7 Ways to Make Your Job More Flexible

You may be surprised to find out that there actually is a lot of flexibility in the workplace -- and you can (and should!) ask for it.

woman at work on computer Fancy Photography/Veer

Gone are the days of working a straight 9-5 job in the cozy comfort of your cubicle under harsh fluorescent lighting. Slowly but surely, many companies in today's workplace are embracing the concept of work-life balance and helping their employees achieve it. Here's what you need to know.

    You Can Change When You Work

    Options abound as to when you can start -- and stop -- your workday.

    Flexible working hours. Employees can adjust their schedules according to the needs of the day. Whether your kid misses the school bus or you just need a few hours to run some much-needed errands, working a flex schedule allows you to get it all done. Numerous studies have shown that companies that offer flexible hours have increased employee retention rates, with workers who are engaged and highly satisfied with their work life balance.

    Part-time hours. Instead of working a typical 40-hour workweek, employees have the ability to work fewer hours. From employees who are part of the sandwich generation, trying to take care of aging parents while juggling childcare, part-time hours offer great flexibility for those who can't commit to a full-time position.

    Compressed hours. Like to have your Fridays free? Well, working a compressed schedule can allow you to have that. You'll still work a full-time schedule, but in fewer days. For example, you might work four 10-hour days as opposed to five 8-hour days. This will give you one (or more) day off per week to spend time with family, pursue other interests, or just relax.

      You Can Change Where You Work

      You may love your job, but not the killer commute and required business attire. Here are some choices as to where you can work.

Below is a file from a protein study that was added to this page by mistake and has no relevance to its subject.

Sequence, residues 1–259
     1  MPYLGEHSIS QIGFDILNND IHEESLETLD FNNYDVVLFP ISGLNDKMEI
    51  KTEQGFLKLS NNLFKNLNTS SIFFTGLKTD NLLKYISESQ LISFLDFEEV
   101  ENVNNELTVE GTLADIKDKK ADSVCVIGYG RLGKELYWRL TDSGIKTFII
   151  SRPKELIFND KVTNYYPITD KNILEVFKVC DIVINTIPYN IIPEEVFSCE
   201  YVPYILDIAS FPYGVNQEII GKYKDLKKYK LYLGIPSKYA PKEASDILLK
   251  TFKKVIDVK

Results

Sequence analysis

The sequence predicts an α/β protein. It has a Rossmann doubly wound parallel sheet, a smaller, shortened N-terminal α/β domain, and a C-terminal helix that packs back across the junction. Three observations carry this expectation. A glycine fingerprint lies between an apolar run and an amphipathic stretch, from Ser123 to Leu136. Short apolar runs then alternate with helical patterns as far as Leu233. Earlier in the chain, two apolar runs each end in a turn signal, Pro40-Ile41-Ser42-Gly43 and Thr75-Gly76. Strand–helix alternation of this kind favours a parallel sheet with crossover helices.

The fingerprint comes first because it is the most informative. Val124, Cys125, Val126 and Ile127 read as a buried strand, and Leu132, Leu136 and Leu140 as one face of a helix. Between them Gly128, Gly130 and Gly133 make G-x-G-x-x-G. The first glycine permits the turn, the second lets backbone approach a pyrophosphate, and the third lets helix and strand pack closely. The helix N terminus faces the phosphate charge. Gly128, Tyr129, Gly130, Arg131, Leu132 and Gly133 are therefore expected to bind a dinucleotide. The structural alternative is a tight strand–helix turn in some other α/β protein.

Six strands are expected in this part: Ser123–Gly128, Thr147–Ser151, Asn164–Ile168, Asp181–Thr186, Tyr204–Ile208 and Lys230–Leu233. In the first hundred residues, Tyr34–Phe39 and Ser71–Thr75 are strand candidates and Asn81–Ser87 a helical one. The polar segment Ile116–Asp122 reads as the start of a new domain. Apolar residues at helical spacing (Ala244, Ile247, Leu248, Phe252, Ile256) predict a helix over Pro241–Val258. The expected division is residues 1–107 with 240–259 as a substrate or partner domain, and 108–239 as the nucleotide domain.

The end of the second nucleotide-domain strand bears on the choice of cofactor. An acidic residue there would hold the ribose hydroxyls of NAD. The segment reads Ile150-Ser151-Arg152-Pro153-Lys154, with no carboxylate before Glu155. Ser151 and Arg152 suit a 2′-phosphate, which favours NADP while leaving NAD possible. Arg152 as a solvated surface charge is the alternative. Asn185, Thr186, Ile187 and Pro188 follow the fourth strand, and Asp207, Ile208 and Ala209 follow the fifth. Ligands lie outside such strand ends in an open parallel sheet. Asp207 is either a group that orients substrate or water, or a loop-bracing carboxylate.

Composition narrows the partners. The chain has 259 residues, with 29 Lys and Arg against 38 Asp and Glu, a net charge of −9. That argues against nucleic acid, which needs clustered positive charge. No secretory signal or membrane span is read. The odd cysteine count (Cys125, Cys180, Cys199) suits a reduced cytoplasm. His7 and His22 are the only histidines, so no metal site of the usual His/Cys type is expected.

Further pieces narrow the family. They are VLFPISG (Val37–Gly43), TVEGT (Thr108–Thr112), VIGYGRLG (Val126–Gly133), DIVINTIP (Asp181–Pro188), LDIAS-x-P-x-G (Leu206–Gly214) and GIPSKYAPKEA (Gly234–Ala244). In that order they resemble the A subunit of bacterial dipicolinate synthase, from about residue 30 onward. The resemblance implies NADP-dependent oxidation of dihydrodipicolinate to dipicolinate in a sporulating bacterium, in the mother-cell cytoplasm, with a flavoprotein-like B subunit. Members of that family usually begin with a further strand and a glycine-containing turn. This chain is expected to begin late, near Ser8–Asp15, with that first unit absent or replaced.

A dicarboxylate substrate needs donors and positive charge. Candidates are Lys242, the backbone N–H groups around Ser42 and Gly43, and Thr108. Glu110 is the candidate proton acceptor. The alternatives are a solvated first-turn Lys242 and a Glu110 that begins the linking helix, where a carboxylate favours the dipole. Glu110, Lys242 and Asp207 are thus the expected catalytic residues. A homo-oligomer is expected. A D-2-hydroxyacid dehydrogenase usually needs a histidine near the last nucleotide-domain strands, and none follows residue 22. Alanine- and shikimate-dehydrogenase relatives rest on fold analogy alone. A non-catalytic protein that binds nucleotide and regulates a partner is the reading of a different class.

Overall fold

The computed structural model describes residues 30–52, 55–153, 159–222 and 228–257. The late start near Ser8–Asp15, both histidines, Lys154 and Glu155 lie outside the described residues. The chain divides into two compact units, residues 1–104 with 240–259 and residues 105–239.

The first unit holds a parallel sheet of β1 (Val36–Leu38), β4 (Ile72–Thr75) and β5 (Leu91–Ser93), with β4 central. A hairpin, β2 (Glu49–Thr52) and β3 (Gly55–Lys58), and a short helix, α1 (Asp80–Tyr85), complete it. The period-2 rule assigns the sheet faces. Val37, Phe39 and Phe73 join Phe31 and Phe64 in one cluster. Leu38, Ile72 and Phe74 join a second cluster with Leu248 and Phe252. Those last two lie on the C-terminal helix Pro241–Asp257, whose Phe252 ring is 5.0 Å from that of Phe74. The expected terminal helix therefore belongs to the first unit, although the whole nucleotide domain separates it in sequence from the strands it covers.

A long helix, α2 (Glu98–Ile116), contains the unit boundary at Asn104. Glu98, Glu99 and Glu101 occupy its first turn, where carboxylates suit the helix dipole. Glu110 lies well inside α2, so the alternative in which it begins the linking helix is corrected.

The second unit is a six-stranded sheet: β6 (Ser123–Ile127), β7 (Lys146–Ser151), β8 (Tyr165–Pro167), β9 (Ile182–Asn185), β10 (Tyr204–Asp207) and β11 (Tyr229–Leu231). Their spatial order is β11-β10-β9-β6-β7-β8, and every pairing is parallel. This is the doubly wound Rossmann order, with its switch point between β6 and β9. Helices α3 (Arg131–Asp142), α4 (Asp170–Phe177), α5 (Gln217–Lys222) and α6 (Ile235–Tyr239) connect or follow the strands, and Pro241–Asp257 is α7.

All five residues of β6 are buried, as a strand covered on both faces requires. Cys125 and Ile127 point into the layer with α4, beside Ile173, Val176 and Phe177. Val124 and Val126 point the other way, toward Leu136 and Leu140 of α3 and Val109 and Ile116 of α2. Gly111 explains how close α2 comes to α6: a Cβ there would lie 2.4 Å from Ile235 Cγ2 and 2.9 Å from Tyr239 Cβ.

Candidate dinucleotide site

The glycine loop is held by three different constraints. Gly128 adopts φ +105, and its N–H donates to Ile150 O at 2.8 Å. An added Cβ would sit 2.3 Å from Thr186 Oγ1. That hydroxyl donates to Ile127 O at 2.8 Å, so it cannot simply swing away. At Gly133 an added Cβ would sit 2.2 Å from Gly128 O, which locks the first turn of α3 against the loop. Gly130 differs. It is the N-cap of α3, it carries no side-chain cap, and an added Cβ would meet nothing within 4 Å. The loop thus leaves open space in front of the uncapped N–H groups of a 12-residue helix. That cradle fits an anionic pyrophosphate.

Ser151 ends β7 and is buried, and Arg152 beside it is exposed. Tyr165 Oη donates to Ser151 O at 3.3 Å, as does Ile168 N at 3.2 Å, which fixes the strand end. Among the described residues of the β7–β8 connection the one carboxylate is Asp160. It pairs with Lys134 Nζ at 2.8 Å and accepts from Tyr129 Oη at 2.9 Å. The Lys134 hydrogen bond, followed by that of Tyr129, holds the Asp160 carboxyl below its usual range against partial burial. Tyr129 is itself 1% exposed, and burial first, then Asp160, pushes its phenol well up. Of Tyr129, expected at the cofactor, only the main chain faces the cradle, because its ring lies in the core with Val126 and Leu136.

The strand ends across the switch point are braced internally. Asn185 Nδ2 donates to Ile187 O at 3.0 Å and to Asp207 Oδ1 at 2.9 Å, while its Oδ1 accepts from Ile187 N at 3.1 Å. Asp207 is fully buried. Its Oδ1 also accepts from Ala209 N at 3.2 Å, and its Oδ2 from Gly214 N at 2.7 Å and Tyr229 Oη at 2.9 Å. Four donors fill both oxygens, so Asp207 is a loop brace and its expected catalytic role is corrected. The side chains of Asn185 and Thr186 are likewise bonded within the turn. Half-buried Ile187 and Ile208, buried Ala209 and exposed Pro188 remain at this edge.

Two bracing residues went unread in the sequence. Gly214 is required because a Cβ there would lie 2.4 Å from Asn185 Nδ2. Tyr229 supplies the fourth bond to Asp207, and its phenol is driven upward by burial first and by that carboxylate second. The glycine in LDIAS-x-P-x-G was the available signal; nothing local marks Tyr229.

Telecommuting. If you're tired of cubicle life, you can leave it all behind to work from the comfort of your home office. Depending on the type of work you do, you may work a full-time or part-time schedule. Working from home is not only a greener way to work because it reduces your carbon footprint, but it's also more cost-effective for both employer and employee. You'll save on extra expenses, such as commuting costs, expensive lunches and fancy office attire, and your employer may save by not having to lease a large office space or maintain extra work tools and equipment.

      Working remotely. You may have a home headquarters to report to, but when you work remotely you might find yourself working from a satellite office or even a client's office. Since your location can change depending on the day, this option is good for those who like to switch things up and not have the same routine, day in and day out. It's also ideal for employees who want the option to work independently but still crave a little face-to-face interaction from time to time.

        You Can Change How You Work

        If you thought that a job meant one person in one position, think again. Read on to see the different ways in which you can work.

        Job sharing. In essence, job sharing is achieved when two people share the same full-time job. Job sharing can be done in-office or by telecommuting, or a mix of the two, although typically one person does work from home. While it's technically a part-time position, a job share means that both you and your colleague will be 100% responsible for the work produced. The salary is generally split 50/50, but you might be able to negotiate a higher wage depending on your experience and expertise.

        Freelance or Contract. Working in a freelance?position is a lot like option D on a test -- all of the above. Freelancers tend to be telecommuters, who may or may not work full-time, depending on the project assigned to them. They can generally set their own hours and work remotely, although they might have to check in to an office at times. They can also choose to work a compressed schedule, burning the midnight oil for one project and then clocking in regular business hours for the next. The caveat -- freelance or contract-based work is not consistent, so you'll have to be proactive to secure employment.

        The next time you sit down with a hiring manager during a job interview, keep in mind the different job flexibility options you can ask for. That way, you can truly customize your career to work with your lifestyle.

        Jennifer Parris is the Career Writer for FlexJobs, an award-winning service that helps job-seekers find professional opportunities that offer work flexibility, such as telecommuting, freelance, part-time or alternative schedules. To learn more about Jennifer, visit FlexJobs.com or tweet @flexjobs.

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